Davidson County Women Plead Guilty to Health Care Fraud Conspiracy Involving More Than $1.1 Million
|U.S. Attorney’s Office June 09, 2009|
NASHVILLE, TN—Glenesha Moye, 35 and Tabitha Jones, 35, both of Nashville, pleaded guilty on June 4, 2009, to a six-count federal information in connection with a health care fraud conspiracy that cost Medicare and TennCare a combined total of more than $1.1 million, announced Edward M. Yarbrough, the United States Attorney for the Middle District of Tennessee; My Harrison, Special Agent in Charge (SAC) of the Memphis Division of the Federal Bureau of Investigation (FBI); Melody Jackson, SAC of the Department of Health and Human Services (HHS), Office of Inspector General, Office of Investigations, Atlanta Regional Office; Christopher R. Pikelis, SAC of the Internal Revenue Service (IRS) Criminal Investigations Nashville Field Office; Gordon S. Heddell, Inspector General of the United States Department of Labor and Mark Gwyn, Director of the Tennessee Bureau of Investigation (TBI).
Moye and Jones pleaded guilty before United States District Judge Aleta A. Trauger. In pleading guilty, both individuals admitted that from January 2005 through January 2008, they conspired to defraud Medicare and TennCare of more than $1.1 million. According to testimony at the plea hearing, the conspiracy and scheme to defraud involved submitting claims to Medicare and TennCare for services that were either never provided to a beneficiary or that were provided to a beneficiary by personnel not licensed by the State of Tennessee to perform the services in question. Such claims were fraudulently submitted through EBC Healthcare, a company owned and operated by Moye and Jones, who certified compliance, but knowingly failed to comply with applicable Medicare and TennCare policies. These policies required accurate identification of services by numeric identifiers commonly called “CPT Codes” and provision of services by licensed health care professionals or properly supervised, unlicensed individuals. Additionally, during the plea hearing, both Moye and Jones admitted to engaging in money laundering transactions related to the proceeds of the health care fraud scheme. Judge Trauger is scheduled to sentence both defendants in November, 2009.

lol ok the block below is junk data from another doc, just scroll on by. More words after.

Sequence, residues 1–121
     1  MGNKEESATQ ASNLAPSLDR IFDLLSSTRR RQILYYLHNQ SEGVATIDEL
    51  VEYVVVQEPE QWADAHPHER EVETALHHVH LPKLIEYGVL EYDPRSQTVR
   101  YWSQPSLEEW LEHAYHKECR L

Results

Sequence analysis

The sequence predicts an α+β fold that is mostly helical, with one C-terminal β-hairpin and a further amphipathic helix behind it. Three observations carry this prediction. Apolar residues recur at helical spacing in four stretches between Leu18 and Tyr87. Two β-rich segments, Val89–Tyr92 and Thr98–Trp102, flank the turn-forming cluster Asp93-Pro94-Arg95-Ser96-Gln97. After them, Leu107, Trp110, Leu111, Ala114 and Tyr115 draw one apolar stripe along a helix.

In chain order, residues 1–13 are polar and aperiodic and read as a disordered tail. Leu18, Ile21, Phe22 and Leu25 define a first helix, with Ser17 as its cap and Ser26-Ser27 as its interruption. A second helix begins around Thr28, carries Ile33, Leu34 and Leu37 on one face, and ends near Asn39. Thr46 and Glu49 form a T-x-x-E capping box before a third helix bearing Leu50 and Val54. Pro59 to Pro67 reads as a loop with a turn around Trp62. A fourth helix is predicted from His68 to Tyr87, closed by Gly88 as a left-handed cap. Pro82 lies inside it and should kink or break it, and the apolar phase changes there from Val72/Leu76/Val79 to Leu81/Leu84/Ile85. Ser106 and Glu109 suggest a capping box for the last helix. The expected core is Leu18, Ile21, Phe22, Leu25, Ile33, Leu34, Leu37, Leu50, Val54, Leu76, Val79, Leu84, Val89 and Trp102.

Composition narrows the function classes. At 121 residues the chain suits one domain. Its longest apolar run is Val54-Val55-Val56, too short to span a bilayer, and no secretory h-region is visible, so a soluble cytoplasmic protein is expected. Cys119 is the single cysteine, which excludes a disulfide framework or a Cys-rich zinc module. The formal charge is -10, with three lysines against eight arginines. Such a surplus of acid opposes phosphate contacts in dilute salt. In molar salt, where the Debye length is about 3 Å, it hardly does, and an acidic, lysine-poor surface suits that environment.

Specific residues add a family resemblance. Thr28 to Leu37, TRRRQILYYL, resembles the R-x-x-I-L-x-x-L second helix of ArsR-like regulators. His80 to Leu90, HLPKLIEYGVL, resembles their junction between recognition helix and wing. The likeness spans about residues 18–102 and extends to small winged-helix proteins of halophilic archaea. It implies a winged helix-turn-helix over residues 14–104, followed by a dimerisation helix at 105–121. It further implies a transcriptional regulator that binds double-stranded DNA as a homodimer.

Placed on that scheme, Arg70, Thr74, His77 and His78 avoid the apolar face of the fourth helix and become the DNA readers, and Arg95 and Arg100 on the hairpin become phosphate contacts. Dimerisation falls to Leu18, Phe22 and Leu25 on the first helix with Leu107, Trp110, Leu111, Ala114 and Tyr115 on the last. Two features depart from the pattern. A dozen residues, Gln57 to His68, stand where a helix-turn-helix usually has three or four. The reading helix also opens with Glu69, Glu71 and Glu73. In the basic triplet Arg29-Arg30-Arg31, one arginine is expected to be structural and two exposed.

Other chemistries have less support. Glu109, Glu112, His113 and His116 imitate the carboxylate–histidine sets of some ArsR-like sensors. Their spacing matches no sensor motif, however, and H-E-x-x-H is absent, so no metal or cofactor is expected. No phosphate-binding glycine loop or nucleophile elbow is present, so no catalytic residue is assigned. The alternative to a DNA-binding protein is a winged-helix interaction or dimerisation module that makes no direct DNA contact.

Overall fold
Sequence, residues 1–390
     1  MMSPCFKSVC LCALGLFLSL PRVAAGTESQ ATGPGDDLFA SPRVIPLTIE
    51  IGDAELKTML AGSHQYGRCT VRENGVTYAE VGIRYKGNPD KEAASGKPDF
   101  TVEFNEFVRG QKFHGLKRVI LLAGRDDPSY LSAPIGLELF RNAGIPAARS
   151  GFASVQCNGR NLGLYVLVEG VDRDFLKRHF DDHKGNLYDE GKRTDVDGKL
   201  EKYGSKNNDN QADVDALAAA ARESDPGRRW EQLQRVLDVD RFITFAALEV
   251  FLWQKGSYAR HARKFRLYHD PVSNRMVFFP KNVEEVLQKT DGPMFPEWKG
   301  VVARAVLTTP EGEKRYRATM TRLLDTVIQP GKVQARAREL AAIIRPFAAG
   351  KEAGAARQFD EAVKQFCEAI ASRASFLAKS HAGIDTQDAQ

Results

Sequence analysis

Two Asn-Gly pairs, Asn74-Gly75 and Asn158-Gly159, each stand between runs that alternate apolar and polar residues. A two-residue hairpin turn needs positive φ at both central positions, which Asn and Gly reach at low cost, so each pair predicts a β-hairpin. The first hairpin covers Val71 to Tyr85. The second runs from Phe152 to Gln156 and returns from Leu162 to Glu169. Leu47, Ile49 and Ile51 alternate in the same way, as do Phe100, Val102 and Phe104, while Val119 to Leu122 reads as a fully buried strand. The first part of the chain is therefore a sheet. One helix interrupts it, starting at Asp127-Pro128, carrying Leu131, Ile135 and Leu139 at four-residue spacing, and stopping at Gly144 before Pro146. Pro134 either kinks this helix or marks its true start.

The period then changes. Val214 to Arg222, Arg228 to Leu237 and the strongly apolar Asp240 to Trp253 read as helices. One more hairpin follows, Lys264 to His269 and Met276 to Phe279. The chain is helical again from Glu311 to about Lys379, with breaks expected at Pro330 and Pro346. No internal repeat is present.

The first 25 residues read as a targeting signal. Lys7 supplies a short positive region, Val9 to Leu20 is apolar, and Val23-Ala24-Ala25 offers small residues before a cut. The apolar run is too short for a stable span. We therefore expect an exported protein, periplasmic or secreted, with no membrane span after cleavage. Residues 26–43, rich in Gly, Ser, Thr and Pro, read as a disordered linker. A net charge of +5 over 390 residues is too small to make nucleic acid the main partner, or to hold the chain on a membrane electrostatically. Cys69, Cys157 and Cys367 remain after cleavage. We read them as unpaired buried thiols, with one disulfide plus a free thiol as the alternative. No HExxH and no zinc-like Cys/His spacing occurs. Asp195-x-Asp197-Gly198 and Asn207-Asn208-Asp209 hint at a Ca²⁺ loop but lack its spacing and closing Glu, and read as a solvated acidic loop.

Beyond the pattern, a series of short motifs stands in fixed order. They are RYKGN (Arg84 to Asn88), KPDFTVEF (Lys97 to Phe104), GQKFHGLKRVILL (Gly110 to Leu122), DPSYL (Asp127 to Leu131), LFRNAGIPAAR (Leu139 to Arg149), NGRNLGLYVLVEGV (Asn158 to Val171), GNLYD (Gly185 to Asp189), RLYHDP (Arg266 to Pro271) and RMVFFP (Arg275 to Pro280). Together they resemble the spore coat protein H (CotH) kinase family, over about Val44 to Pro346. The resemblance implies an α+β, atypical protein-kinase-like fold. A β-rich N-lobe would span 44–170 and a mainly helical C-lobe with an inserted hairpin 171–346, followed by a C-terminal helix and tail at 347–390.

“At a time when health care costs consume an ever increasing percentage of our nation’s resources, it is essential that individuals defrauding Medicare and TennCare be brought to justice,” said Yarbrough. “These guilty pleas are just one example of this office’s continuing commitment to stamping out health care fraud and abuse.”
Yarbrough praised the efforts of agencies during the course of the investigation, noting their continued commitment to work together as a team to investigate health care fraud. This investigation was conducted jointly by the FBI, HHS Office of Inspector General, IRS Criminal Investigations, DOL Office of Inspector General, and the TBI. The United States is represented by Assistant United States Attorney Matthew J. Everitt.